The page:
The third line radiating from the Cross, as we saw in our last chapter, takes us to the Letter to the Galatians, where we are shown the resultant life in the Spirit. The Cross produces a life in the Spirit: it brings about a true, spiritual Christianity, as distinct from a merely professional, formal or ritualistic kind of Christianity that is all on the outside. This mighty thing, a true spiritual ChristianityÂ—a life in the Spirit: how real, how effective it is! That is what we reach when we come to the Letter to the Galatians. It says that the Cross works out in a life in the Spirit, and that true Christianity is a spiritual thing.
Â‘EphesiansÂ’ and Â‘ColossiansÂ’
With that brief resumĂ© of what has gone before, we now turn to a few additional thoughts from the twin letters, Â‘To the EphesiansÂ’ (so called), and Â‘To the ColossiansÂ’. It is quite evident that they are twin letters: you cannot read them without finding that you are covering very largely the same ground, only with a distinctive emphasis in each. And in them you come to some tremendous things.
Notice, first of all, that in these letters, as in all the others, the Cross is the foundation. In Ephesians, we are told that Â‘we who were dead in trespasses and sins were quickened and raised together with HimÂ’ (2:1, 5Â–6): the Cross is there. In the Letter to the Colossians, we read of Â“...the putting off of the body of the flesh, in the circumcision of Christ, having been buried with Him in baptismÂ” (2:11Â–12)Â—here you have the Cross again. The Cross is basic, that is the point. It is the foundation carried over from Romans.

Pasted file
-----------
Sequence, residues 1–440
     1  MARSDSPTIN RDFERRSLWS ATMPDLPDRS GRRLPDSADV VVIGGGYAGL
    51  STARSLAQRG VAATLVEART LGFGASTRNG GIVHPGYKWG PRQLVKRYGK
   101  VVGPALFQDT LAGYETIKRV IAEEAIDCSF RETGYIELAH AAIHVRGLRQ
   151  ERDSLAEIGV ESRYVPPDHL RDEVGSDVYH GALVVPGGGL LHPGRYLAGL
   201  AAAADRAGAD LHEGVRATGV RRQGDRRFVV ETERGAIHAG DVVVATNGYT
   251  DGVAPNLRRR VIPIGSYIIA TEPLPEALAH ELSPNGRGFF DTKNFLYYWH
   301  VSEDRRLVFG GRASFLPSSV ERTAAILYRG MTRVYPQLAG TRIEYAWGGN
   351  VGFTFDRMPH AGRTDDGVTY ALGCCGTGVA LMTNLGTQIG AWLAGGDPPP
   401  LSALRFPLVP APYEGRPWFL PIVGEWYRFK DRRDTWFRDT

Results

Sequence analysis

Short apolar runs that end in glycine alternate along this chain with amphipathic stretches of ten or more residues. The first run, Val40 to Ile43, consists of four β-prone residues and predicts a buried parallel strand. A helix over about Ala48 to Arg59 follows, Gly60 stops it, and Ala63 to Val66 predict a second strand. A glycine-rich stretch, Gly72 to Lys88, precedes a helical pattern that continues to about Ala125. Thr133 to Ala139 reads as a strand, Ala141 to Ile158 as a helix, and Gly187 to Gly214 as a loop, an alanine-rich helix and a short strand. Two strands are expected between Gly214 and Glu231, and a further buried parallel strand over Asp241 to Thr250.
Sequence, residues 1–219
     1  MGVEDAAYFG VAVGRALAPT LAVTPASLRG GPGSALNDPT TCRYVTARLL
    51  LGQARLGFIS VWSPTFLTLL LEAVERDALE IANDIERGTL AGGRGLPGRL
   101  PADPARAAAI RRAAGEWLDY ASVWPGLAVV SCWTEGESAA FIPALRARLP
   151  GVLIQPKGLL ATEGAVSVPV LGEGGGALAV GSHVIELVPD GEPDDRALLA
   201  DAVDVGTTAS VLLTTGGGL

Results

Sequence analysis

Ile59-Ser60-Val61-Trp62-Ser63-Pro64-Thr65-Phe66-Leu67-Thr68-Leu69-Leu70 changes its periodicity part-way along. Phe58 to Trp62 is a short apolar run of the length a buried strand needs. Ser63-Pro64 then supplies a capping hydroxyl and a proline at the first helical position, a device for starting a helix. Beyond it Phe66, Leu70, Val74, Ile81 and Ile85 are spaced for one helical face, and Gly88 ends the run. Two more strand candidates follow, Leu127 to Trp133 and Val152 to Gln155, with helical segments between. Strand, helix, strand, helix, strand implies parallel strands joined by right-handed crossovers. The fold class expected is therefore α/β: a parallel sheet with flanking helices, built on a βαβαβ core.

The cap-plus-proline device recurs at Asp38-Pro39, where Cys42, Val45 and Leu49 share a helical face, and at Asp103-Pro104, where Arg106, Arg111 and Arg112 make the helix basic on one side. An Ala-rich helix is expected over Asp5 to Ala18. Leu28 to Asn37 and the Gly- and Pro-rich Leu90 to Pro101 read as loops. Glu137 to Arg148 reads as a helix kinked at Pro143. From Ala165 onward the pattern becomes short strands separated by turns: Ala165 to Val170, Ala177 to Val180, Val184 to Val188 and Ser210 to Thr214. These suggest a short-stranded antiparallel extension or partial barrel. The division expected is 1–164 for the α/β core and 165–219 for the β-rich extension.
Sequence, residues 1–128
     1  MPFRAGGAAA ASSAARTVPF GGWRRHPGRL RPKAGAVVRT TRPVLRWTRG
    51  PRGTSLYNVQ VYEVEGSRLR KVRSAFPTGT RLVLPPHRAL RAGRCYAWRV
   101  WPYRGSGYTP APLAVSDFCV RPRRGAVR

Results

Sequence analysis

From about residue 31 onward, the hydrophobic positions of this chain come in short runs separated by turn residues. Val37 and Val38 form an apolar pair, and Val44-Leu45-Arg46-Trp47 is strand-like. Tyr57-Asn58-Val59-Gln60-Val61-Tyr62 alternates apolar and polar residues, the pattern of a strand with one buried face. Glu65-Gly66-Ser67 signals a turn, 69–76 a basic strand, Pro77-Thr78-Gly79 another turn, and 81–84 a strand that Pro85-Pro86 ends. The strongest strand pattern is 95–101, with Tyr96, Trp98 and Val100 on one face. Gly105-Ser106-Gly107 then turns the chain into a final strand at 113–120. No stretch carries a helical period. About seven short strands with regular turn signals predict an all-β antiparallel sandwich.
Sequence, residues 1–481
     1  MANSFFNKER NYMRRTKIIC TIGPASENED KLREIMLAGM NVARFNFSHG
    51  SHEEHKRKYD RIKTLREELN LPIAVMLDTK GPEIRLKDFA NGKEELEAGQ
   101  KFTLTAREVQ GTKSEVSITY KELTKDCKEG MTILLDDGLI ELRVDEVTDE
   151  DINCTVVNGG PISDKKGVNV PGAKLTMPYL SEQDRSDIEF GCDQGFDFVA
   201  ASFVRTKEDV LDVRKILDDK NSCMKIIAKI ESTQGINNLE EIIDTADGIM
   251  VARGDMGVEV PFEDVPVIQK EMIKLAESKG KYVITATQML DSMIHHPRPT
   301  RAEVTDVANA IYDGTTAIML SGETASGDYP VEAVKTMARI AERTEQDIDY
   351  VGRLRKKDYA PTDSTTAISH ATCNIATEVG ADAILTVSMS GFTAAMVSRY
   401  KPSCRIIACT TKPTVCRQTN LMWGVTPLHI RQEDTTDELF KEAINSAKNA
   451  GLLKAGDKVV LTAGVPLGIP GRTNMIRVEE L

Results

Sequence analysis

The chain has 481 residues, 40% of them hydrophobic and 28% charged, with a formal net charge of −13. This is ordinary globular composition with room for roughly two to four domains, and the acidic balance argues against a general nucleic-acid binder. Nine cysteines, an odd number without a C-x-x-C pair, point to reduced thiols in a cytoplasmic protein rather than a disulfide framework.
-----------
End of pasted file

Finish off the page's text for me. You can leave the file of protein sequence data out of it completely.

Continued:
Then, when you recognize that, you come upon what I think we may say are the two greatest things that have ever been disclosed by God. They are such wonderful things, that, if we really see them, not as in the Bible to be read, but as a reality in the heart, something is bound to happen to us.
Have you ever come upon something in the Word of God which has just overwhelmed you, carried you away? Perhaps I can illustrate this by a humorous little incident that occurred during ministry in the Far East. I was speaking in a meeting one dayÂ—of course by interpretationÂ—when suddenly the dear brother at my side, who was interpreting for me into Chinese, went off into fits of uncontrollable laughter! There he wasÂ—he just could not stop laughing: and then the people caught it, and went off into laughter likewise! Well, this dear brother could not get back, he tried and struggled, but the more he struggled, the more he seemed to lose his control. I was not conscious of having said anything extraordinaryÂ—at least, nothing that would occasion such mirth. I had to wait, and wonder what it was all aboutÂ—wondering what on earth I had said to cause this. And even a little later on, when he had recovered somewhat, and we had got away from that, the thing came back to him, and off he went again; and this happened more than once.
So afterward, when I had got him alone, I said: Â‘Look here, brother, what ever did I say? what did I say to cause you to go off like that, and all the people too? Did I say something so outrageous, so terribly funny to you?Â’ He said: Â‘No, brother, no, nothing like that. It was just something we had never seen before, that is all; we had never seen that before!Â’